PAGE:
I turn the minivan and trailer around, and proceed according to my husband's directions. Within five minutes, we are hopelessly lost.
We have gone nearly four thousand, nine hundred miles. We have crossed the country. We have seen prairie and mountains; we've been in cities and remote areas. We have never gotten lost. Now we are within an hour of home. We can't find the kennel, and we don't have a clue as to where we are.
I stop the car at a pay phone. There is no way I am calling the kennel; after all, the manager gave me precise directions. So I make my husband talk to him. I wouldn't be surprised if he is saying something like, "my wife got the directions mixed up," but I don't care, as long as we can pick up the dog and get home. ("If you really want the last word in the argument, try saying, "I guess you're right.")
We retrace our steps and follow the kennel manager's directions. Within five minutes we are there. Sandy is alive and well. My kids have mixed feelings. On the one hand, they are happy to see him. On the other hand, they now have to go back to walking him four times a day. So the dead dog fantasy is not all that unappealing.
We make it home. After three weeks of vacation, twenty rolls of film, four thousand, eight hundred sixty miles later, and thirty-eight marathon hours after leaving Denver, we are in our driveway in Baltimore. We have tons to unpack and put away.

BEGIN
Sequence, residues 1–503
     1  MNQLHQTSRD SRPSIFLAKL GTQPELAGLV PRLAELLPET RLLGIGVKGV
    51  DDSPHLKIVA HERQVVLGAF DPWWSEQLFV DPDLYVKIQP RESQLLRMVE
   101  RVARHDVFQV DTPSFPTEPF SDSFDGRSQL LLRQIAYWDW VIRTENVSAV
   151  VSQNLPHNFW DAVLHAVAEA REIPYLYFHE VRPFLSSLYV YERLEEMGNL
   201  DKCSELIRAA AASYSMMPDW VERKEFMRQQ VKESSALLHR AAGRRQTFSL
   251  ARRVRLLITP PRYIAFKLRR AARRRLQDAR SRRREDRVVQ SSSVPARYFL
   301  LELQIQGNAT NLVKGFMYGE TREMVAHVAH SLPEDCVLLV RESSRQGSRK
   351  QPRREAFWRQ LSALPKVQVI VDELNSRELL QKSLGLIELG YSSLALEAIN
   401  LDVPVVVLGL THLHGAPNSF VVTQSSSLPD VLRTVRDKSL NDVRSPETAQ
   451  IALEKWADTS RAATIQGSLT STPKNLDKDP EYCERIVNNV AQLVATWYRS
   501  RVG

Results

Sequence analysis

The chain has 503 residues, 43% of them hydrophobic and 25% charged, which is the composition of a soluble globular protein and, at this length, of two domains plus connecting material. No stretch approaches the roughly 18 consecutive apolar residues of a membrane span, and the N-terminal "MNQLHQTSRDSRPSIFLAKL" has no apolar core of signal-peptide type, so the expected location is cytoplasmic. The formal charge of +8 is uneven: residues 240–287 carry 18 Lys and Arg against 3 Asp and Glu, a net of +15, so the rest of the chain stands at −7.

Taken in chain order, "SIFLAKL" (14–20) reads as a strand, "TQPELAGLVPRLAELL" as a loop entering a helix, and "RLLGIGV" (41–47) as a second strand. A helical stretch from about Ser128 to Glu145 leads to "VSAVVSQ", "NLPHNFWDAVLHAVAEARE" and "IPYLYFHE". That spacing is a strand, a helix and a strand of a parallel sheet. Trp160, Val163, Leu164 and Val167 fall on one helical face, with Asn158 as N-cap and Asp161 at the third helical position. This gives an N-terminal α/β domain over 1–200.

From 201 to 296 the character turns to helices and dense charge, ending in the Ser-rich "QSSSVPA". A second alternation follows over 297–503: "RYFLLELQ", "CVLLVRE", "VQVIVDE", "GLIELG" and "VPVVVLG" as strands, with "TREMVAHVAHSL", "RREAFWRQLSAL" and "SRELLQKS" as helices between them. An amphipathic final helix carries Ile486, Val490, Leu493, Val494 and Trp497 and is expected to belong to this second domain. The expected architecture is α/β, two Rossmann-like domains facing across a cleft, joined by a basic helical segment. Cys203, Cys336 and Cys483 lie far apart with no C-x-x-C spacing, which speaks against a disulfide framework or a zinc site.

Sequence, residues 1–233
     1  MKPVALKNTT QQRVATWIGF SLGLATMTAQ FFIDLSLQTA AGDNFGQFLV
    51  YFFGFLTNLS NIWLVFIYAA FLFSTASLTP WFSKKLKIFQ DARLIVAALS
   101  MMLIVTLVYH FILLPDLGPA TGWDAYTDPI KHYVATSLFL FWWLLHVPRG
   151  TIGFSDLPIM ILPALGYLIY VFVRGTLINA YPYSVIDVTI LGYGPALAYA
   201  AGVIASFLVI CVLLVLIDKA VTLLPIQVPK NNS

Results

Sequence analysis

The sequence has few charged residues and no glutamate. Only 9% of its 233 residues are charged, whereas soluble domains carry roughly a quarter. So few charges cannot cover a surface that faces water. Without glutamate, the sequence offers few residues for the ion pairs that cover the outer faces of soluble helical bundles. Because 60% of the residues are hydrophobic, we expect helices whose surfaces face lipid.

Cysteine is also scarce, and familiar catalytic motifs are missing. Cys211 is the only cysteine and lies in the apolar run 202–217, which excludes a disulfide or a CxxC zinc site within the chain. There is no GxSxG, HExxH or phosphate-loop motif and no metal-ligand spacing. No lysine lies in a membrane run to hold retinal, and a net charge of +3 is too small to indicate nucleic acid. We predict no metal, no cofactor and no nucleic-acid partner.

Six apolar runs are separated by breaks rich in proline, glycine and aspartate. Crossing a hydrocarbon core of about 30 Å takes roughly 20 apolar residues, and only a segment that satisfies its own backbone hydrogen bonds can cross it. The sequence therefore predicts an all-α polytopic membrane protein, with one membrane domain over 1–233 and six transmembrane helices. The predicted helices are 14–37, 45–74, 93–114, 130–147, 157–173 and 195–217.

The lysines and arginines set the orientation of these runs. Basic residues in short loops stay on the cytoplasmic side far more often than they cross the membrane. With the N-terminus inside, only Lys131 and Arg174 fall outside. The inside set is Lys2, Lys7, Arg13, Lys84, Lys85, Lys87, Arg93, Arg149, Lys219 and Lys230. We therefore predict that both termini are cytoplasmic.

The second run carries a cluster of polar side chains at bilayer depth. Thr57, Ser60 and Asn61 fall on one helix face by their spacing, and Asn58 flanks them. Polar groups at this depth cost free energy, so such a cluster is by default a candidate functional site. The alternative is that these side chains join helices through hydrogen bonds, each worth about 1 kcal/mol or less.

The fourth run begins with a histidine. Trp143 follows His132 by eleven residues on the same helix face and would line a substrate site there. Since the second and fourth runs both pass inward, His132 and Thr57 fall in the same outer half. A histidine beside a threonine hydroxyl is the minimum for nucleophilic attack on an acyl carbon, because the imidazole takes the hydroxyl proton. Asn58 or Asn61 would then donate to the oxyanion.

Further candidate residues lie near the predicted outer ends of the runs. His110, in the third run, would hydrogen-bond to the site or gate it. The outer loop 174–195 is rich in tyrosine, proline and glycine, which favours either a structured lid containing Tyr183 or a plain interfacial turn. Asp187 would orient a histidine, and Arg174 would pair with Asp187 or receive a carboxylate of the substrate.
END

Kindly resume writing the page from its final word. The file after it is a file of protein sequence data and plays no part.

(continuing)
But the kids are nowhere to be found. They have run into the house as fast as their legs can carry them. I call out to them, that they should help unload the car. Silence.
I enter the house. The house looks familiar, but I still feel like an intruder; it will take a few hours before it feels like home again. I call for the kids, but I don't get an answer. So I search for them, room to room.
Finally I find them . . . and the dog. The kids and Sandy are all standing near the toilet seat, looking wistful. The dog is salivating . . . his water bowl! The kids are just looking at the toilet, not making a sound. Finally, our son slowly reaches over, and flushes. The kids' eyes never leave the toilet bowl. As the water gurgles and empties from the bowl, the kids break into a smile.
"Yippee!" my younger daughter cries. "FLUSH TOILETS!!!"
"All right!" my son calls out. "Yi ha!"
My older daughter mumbles a prayer of thanks.
The phone rings. Someone from my son's school asks if I can be at an emergency PTA meeting in three hours.
My daughter's notebook collection provides the trip's final Quotable Quote:
"There are two things people worry about. One is that things never get back to normal and one that they already have."